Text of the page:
Which came first, the beta-amyloid plaque or the Alzheimer’s? It’s the plaque, but only one subtype, according to a new report by Harvard researchers in the online journal Nature Medicine and profiled in this TIME article from Sunday.
Physicians and researchers have long noted the presence of these plaques, made up of “sticky” beta-amyloid proteins, in the brains of Alzheimer’s patients, and wondered whether there might be some connection between the plaque and the disease. To complicate things, however, beta-amyloid plaques have also been found in patients with no sign of the disease, making scientists wonder whether the plaques could be an advance warning sign of Alzheimer’s rather than a byproduct of the disorder.
So, how was this chicken-and-egg problem solved? Researchers injected rats’ brains with various subtypes (one, two, or three molecules) of the beta-amyloid protein. Rats who received the one- or three-molecule subtypes didn’t experience any problems, but the two-molecule form of beta-amyloid caused Alzheimer-like symptoms, according to Harvard researchers Dr. Ganesh Shankar and Dr. Dennis Selkoe.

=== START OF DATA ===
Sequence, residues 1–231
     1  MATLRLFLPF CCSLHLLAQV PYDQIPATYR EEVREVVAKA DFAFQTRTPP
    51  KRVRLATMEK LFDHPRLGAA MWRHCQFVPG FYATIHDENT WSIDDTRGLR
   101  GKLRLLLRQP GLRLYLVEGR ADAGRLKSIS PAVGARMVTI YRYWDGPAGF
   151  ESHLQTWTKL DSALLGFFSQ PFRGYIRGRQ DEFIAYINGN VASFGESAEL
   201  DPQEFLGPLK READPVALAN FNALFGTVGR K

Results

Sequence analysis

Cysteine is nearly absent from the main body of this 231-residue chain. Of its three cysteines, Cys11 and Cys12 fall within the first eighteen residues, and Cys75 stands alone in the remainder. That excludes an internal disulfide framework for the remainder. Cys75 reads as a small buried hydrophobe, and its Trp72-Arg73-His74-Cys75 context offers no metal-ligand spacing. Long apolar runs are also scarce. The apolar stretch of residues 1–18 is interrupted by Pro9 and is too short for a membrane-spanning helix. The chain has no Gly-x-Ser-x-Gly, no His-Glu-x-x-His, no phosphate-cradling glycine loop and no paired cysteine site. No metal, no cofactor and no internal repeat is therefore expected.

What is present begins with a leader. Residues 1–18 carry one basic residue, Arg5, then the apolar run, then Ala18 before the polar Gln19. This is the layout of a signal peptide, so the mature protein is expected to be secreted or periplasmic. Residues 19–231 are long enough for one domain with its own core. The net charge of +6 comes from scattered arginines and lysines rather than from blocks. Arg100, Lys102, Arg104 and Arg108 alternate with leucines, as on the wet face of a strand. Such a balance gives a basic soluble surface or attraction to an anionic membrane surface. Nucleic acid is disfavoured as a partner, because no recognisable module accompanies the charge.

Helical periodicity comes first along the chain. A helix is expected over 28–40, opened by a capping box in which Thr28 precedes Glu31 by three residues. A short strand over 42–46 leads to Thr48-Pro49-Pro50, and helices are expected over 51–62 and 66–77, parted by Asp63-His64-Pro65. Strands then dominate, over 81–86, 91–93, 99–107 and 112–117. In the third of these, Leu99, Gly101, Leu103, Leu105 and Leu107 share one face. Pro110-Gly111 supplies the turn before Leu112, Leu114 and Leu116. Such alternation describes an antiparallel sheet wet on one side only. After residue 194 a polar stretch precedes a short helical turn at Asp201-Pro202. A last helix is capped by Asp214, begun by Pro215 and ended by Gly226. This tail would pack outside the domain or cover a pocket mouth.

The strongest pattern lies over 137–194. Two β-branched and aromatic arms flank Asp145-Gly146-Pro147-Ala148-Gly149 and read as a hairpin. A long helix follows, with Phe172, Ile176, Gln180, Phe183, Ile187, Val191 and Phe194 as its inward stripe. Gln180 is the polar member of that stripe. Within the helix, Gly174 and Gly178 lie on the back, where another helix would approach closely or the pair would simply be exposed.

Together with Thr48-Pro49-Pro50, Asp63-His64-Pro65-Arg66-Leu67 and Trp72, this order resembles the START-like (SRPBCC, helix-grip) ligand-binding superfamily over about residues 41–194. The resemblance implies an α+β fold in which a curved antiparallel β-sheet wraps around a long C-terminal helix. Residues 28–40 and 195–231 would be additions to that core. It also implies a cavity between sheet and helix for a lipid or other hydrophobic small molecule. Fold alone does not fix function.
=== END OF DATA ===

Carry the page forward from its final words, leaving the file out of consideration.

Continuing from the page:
Although these are promising findings in the race to find causes of Alzheimer’s disease and cures for those suffering from the disorder, as the TIME article points out, this study still needs to be replicated to ensure that the results are viable. From there, of course, the next question is why only the two-molecule beta-amyloid protein, not its one- or three-part relatives, is destructive to the brain. Like any scientific problem which appears simple at first, these findings are just the tip of the iceberg — or, perhaps, the egg?
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Last reviewed: By John M. Grohol, Psy.D. on 25 Jun 2008
Published on PsychCentral.com. All rights reserved.
Grinnell, R. (2008). Promising New Alzheimer’s Research Published. Psych Central. Retrieved on January 30, 2015, from http://psychcentral.com/blog/archives/2008/06/25/promising-new-alzheimers-research-published/